Peritonitis is an acute or chronic inflammation of the peritoneum, the membrane that lines the abdominal cavity and covers the visceral organs. Inflammation may extend throughout the peritoneum, or it may be localized as an abscess.
Peritonitis commonly decreases intestinal motility and causes intestinal distention with gas. Mortality is 10%, with death usually resulting from bowel obstruction; the mortality was much higher before the introduction of antibiotics.
Although the GI tract normally contains bacteria, the peritoneum is sterile. In peritonitis, however, bacteria invade the peritoneum. Generally, such infection results from inflammation and perforation of the GI tract, allowing bacterial invasion. Usually, this is a result of appendicitis, diverticulitis, peptic ulcer, ulcerative colitis, volvulus, strangulated obstruction, perforated or ruptured gallbladder, gangrenous gallbladder, abdominal neoplasm, or a penetrating wound.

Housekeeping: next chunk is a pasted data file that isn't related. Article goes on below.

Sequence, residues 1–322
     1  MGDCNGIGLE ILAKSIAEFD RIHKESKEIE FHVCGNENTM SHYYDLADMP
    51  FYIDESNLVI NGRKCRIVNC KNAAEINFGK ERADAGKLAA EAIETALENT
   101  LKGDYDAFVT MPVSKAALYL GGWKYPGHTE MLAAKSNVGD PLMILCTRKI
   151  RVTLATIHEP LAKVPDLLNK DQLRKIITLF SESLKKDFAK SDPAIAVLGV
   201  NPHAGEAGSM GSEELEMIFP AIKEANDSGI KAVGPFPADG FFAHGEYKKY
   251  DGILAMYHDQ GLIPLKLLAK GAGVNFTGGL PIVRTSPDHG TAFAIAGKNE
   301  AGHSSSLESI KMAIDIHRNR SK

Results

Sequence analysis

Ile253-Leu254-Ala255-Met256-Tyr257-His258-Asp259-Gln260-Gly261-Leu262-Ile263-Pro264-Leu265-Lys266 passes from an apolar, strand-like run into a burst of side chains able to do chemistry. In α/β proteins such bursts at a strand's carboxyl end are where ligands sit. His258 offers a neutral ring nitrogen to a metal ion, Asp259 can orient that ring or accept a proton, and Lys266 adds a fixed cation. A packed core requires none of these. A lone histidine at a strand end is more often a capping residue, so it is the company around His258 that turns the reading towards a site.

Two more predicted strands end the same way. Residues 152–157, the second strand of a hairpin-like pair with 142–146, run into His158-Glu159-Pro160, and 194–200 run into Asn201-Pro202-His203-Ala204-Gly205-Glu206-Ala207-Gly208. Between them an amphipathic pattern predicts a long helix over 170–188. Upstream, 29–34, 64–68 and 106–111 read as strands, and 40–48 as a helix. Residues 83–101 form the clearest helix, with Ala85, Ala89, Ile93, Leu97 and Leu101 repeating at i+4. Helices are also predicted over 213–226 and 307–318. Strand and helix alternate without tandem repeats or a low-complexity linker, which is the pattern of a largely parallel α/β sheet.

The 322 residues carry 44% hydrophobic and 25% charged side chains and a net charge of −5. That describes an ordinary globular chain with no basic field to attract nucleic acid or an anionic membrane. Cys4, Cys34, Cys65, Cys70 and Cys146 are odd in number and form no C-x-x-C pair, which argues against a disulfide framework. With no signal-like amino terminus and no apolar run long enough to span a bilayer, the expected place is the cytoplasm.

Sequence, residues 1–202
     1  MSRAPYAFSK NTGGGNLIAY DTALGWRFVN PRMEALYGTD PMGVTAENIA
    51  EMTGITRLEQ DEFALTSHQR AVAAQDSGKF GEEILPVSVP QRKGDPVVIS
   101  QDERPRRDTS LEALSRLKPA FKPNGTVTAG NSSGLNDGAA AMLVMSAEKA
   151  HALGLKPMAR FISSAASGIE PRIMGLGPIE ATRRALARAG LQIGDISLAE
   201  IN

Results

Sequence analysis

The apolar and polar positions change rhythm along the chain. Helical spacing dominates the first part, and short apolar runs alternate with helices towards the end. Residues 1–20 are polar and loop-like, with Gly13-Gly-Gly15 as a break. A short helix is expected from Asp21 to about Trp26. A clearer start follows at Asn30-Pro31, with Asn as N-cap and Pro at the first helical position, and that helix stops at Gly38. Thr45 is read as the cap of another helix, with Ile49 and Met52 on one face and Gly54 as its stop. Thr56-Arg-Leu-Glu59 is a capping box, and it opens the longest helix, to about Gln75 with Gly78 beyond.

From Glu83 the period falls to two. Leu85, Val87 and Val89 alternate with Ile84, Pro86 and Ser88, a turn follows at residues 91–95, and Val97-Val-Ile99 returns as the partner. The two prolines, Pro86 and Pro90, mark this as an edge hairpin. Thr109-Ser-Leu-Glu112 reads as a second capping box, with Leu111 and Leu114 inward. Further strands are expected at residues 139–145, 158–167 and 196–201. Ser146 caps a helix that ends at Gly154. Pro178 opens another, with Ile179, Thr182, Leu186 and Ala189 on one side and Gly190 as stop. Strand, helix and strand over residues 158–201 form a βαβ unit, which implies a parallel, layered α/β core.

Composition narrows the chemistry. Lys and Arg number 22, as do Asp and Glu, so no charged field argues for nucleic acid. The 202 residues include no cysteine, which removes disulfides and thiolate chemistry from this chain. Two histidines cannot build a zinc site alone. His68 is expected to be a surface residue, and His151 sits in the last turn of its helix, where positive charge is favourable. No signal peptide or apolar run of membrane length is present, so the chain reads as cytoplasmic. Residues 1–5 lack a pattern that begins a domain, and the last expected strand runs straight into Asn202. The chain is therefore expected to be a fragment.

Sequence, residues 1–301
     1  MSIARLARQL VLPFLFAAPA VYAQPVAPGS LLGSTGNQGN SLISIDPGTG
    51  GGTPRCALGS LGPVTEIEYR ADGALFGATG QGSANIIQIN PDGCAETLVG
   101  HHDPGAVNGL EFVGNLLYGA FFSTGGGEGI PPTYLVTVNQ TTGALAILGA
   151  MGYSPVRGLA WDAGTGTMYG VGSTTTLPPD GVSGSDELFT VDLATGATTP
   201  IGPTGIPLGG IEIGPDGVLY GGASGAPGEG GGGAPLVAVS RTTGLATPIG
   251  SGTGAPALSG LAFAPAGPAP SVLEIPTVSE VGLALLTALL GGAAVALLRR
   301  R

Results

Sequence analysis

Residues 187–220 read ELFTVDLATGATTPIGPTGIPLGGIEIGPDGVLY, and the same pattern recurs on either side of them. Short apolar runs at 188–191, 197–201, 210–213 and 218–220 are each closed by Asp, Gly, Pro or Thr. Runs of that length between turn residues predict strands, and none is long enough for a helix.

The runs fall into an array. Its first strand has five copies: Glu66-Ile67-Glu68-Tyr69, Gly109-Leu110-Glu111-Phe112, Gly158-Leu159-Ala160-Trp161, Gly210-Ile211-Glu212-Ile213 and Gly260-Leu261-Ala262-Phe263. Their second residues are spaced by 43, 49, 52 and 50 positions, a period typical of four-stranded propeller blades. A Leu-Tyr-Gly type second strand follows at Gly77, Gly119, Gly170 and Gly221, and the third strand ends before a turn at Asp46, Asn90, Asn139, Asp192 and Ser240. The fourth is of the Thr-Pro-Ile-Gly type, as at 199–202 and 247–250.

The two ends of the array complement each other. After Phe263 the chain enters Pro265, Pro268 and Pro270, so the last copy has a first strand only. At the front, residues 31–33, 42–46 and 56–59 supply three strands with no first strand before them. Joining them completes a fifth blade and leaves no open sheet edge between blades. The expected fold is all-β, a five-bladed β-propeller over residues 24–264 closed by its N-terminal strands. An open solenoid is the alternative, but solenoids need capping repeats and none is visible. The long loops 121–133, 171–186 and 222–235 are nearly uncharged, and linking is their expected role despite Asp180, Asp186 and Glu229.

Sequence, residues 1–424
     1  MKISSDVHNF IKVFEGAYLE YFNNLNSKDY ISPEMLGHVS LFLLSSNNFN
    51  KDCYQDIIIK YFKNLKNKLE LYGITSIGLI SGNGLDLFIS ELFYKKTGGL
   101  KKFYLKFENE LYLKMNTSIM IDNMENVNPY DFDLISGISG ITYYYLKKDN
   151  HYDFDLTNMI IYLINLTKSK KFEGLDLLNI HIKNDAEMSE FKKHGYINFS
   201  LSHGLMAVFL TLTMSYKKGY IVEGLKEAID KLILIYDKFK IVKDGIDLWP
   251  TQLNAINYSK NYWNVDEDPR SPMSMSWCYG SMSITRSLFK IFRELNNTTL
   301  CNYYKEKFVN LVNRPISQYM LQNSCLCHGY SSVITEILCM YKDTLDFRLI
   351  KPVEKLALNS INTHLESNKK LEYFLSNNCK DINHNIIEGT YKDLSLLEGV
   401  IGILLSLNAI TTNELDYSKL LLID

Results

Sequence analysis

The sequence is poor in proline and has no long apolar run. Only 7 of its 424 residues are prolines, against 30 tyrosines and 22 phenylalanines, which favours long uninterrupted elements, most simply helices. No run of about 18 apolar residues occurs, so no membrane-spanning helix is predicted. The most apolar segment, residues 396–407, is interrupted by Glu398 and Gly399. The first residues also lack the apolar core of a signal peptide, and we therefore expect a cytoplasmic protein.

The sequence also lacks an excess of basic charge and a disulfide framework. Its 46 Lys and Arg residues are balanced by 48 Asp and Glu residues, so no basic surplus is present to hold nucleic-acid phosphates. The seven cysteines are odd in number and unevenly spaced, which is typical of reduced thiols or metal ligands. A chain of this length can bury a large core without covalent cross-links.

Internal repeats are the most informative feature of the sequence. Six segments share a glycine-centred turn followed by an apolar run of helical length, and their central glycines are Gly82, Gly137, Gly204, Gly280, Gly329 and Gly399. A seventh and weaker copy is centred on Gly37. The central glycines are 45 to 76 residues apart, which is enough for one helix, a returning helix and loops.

Peritonitis may also result from chemical inflammation, as in the rupture of a fallopian tube or the bladder, perforation of a gastric ulcer, or release of pancreatic enzymes.
With chemical and bacterial inflammation, accumulated fluids containing protein and electrolytes make the transparent peritoneum opaque, red, inflamed, and edematous. Because the peritoneal cavity is so resistant to contamination, such infection is often localized as an abscess instead of disseminated as a generalized infection.